Celebrating a remarkable career – Dr John Hooper

Dr John Hooper has been an integral part of the Queensland Museum Network and has made a significant contribution during his 27 years here, 14 of which he has been Head of the Biodiversity and Geosciences program.  Having retired in June 2018, John leaves a lasting legacy not only to the Queensland Museum Network but to the broader scientific community.

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Digi Youth Arts in Queensland Museum

Written by Alethea Beetson, Indigenous Engagement Coordinator, Queensland Museum  and Imelda Miller Curator, Cultures and Histories, Queensland Museum

All year Digi Youth Arts unsettle artists and mentors have been engaging, discovering, interacting, activating, calling out, evaluating, commenting, questioning and creating new artworks inside and outside Queensland Museum. As artists in residence, Digi Youth Arts have been focused on producing new works across six art forms – street art, theater, film, dance, visual art and music. This year alone, artists from four of these art forms have showcased new works developed in collaboration with industry mentors.

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War Savings – Balancing the books of battle

Written by Judith Hickson , Social History Curator, Queensland Museum

The Cultures and Histories Program at the Queensland Museum frequently receives donations that, while seemingly ordinary, provide unexpected opportunities to uncover forgotten pieces of our history and at the same time offer us the chance to re-examine these from a recent and (hopefully) more enlightened perspective.

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Ask an expert

The helpful and knowledgeable staff of the Queensland Museum Network often assist members of the public with the identification of insect, animal, fossil and geological specimens. Our experts also answer questions about Queensland’s animals, rocks and fossils, people and history. In this new section, we share some of these questions and answers with our readers.

QUESTION:
Is it true that scorpions glow in the dark?

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The mystery of Wally, the chair

Written by Judith Hickson , Social History Curator, Queensland Museum

Take a seat, Brisbane!

Last week, a small folding wooden chair winged its way across the Tasman Sea to its new home in the social history collection of the Queensland Museum. Made in Brisbane in 1904 the so-called ‘Wally’ chair caught the eye of Auckland-based curator and historian, John Webster, on one of his frequent visits last year to iconic bric-a-brac and second-hand store Junk & Disorderly in the Auckland suburb of Northcote.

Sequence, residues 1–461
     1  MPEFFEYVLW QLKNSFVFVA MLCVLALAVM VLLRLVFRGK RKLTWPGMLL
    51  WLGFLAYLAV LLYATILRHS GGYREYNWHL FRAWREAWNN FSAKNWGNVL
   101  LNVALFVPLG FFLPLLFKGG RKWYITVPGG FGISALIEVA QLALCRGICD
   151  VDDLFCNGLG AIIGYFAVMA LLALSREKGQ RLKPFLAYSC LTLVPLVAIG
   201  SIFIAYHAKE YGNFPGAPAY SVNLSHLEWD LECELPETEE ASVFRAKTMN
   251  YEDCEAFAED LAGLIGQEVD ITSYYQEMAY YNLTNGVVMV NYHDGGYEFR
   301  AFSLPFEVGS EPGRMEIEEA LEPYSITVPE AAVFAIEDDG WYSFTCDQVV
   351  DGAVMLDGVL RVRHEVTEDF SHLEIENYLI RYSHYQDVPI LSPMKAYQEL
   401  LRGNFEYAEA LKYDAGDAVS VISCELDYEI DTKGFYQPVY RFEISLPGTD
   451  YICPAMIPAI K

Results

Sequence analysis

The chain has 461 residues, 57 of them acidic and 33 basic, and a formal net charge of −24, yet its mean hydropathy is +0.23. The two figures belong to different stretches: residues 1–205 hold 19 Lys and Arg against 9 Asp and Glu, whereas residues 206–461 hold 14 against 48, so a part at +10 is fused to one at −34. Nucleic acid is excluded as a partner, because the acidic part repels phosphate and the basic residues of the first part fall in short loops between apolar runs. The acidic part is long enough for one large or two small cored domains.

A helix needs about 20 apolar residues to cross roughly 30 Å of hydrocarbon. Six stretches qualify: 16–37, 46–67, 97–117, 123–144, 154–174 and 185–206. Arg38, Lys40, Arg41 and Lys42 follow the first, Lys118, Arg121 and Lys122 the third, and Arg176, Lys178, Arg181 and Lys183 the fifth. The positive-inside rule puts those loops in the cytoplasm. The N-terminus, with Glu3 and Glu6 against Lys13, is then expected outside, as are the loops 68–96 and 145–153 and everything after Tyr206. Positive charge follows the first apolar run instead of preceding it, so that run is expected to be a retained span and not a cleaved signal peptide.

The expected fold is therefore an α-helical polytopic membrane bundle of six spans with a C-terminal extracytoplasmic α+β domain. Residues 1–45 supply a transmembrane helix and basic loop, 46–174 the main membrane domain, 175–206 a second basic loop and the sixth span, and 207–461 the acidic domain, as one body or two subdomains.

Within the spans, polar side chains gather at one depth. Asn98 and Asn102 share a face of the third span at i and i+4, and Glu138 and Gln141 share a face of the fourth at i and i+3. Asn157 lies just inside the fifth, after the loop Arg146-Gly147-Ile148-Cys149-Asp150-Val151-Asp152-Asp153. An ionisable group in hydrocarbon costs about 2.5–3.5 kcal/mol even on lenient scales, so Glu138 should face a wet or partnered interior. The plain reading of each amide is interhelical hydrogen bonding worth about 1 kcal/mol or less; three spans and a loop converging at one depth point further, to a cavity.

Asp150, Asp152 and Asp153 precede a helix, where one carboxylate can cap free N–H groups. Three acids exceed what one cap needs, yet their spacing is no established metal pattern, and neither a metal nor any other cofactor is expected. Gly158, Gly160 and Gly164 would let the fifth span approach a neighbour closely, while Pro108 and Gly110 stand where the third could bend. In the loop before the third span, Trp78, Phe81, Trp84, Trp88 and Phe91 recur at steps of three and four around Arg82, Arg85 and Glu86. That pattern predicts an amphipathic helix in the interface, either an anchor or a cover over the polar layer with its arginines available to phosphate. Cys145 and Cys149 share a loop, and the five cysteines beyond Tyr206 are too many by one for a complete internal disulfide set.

Intrigued by a small metal plaque attached to the front of the chair which reads, ‘WALLY CHAIR COY/ 15 CENTRAL CHAMBERS/ BRISBANE/ REC 25 FEB 1904’; John’s curiosity was instantly aroused.  After spending time with his own research, he eventually decided to contact the Queensland Museum for help in solving the chair’s mysterious origin.  Working together with social history curator, Judith Hickson, the pair has drawn on their mutual passion for history and storytelling to piece together an account of the ‘Wally’ chair.
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Copper-alloy sheathing from Coolangatta

Written by Caroline Mercer, compiled by Dr Madeline Fowler

Part 3 of a blog series written by undergraduate students at James Cook University, who undertook research on objects in the Museum of Tropical Queensland’s maritime archaeology collection as part of the 2017 topic AR3008 Boats and Beaches.

The shipwreck

Coolangatta was built by John Brinksell in 1843 in Shoalhaven, New South Wales (NSW) (Davidson 2014). It was commissioned and owned by Alexander Berry, who named the brigantine sailing vessel after his property in the area (Potts 2010). The boat’s life was largely spent transporting goods up and down the eastern coast of Australia, bringing materials such as coal to the north and most often returning to Sydney with a cargo of timber (Potts 2010). At the time of the wrecking of Coolangatta, it had recently delivered coal to Brisbane and was starting its return trip back to Sydney when it was wrecked. On 19 August 1846, Coolangatta was driven ashore during a gale as it attempted to enter the Tweed River (Davidson 2014). The ship was abandoned by the crew and Captain Steele, after it was stripped of any removable gear and rigging (Davidson 2014). A couple of months later there was an attempt to repair the vessel, with Brinksell being brought up from NSW to repair the damage on the port side (Davidson 2014). However, shortly after the wreck was lifted onto rollers, another gale forced it into a worse position and the keel broke, ending any hopes of repairing the ship (Potts 2010).

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The Restoration of Hunslet 327

The Workshops Rail Museum has installed a new exhibit 12 years in the making: Hunslet locomotive 327.

In 2005 the Museum was donated a 2 foot gauge tank locomotive that had operated between the early 1920s and the mid-1960s at the North Eton Mill, in Mackay, Queensland, hauling sugar cane. However, the locomotive was originally built in England in 1916 for use on the Western Front during the First World War.

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